Sunday, March 29, 2009

Lost Geodesic Dome

One of my favorite things about the television show Lost is that the entire plot is based on a fictive parallel universe that has descended from the remains of a failed 1970s scientific research collective. How cool is that? As I watched this week's episode, I was especially aware of the ways the show represents the Dharma Initiative as an collapsed and outdated Utopian experiment because I had just read "The Comprehensivist: Buckminster Fuller and Contemporary Artists" by Elizabeth A.T. Smith.

Still image from the television series Lost - Jack inside "The Sawn," an abandoned research facility

Maybe you don't watch the show (I certainly can't catch you up on this blog) but looking at the still above, you can get a sense of what Buckminster Fuller's once visionary geodesic dome has come to symbolize today. It is a failed experiment; a once gleaming but now clouded and deteriorating vision of the future.

If we are to consider Fuller's legacy through its material rather than conceptual remnants, the portrayal of the geodesic dome on Lost is an apt metaphor. Fuller's designs for housing and transportation have never been adopted on a wide scale and the geodesic dome along with most of his designs now seem like a relic of the past rather than a vision for the future. There are artists and scholars however, who are revisiting the spirit of Fuller's ingenuity and approach to design and adopting new ways of representing or implementing parts of his visionary concepts. In her essay, Smith looks at several contemporary artists who use conceptual, cross-disciplinary and highly experimental approaches that descend from Fuller.

In the map below, I have charted out some ways that the artists in Smith's article draw from Fuller's ideas. I have chosen to model my chart after the circulatory system because in our bodies arteries and veins work in concert to keep the "spaceship human" functioning. Fuller is, of course, the heart. Red arteries lead to ideas common among the artists and Fuller. Blue veins flow either circularly back to the heart - indicating that the work of art is in conceptual harmony with Fuller's systemic world view - or away from the heart - indicating that the work draws on an idea similar to Fuller's but does not fully embrace it. I left out Irit Batsry's work because I can't quite understand its form or content from the reading or my research so it is difficult for me to categorize.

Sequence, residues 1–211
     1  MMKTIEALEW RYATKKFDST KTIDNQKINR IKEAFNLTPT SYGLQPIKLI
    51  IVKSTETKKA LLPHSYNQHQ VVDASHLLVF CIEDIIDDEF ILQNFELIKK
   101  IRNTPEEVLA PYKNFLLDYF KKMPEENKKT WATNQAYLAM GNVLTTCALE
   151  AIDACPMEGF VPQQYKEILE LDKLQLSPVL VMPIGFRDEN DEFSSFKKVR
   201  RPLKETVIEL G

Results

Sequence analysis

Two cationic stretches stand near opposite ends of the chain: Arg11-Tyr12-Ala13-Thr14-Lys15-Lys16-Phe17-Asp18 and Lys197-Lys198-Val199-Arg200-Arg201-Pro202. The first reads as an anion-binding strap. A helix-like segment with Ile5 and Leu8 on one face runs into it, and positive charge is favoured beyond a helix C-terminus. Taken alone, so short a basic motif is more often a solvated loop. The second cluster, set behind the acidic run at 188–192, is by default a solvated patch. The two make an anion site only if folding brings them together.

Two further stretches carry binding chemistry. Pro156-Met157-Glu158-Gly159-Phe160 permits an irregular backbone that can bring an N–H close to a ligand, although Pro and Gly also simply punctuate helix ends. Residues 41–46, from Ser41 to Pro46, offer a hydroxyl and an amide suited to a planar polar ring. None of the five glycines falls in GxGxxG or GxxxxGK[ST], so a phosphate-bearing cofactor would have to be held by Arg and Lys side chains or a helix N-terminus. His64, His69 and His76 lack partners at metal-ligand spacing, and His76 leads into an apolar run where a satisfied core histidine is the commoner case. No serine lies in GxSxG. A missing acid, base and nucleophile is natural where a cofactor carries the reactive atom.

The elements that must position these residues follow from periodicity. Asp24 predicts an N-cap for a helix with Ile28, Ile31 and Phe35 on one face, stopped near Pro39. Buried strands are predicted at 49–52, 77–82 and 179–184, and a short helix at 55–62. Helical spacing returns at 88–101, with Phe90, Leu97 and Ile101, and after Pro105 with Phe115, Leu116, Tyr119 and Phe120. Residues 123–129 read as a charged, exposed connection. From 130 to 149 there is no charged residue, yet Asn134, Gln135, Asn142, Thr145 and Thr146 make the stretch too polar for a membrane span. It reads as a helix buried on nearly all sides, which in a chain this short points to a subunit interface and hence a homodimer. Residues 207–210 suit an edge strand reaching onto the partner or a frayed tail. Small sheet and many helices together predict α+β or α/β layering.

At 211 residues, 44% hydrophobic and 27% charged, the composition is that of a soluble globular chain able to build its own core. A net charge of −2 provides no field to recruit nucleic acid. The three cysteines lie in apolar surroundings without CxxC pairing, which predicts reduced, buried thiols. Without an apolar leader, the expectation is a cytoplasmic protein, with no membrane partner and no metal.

(click to enlarge)

What is striking to me is that of all the artists, Pedro Reyes' Velotaxi is the only work that has been engineered for practical use. In the video below, Fuller discusses his motivations to engineer practical objects that improve humans ability to survive on our planet. His example is building a bridge across a canyon that can connect people with resources on the other side. This emphasis on pragmatic and optimistic design that could be adopted by the masses is not present in any of the works Smith discusses. Even Reyes' bike taxis are redesigned from existing technology that is already in use (haven't we all seen bike taxis downtown?) making him less a futurist and more a reformer.

I am not trying to place a higher value judgement on practical art objects but it is interesting to me that most works of contemporary art remain contemplative and cynical so that they reflect the sentiments of post-modernity but do not offer the utopian hopefulness that Fuller embraced. A resurgence of hope for the future and an embrace of progressive change came along with our most recent presidential campaign but it seems to have quickly fizzled out. I wonder if we will ever have the same hopeful sentiments for the future that Buckminster Fuller had. When I listen to him speak in the video above there is a sense of romanticism when he talks about a nature that provides sustenance for humans in the same way she (insert feminist rant here) provides for the hummingbird. Will this romantic and determined optimism ever return to art? If not, how might we become practical without being romantic or cynical?

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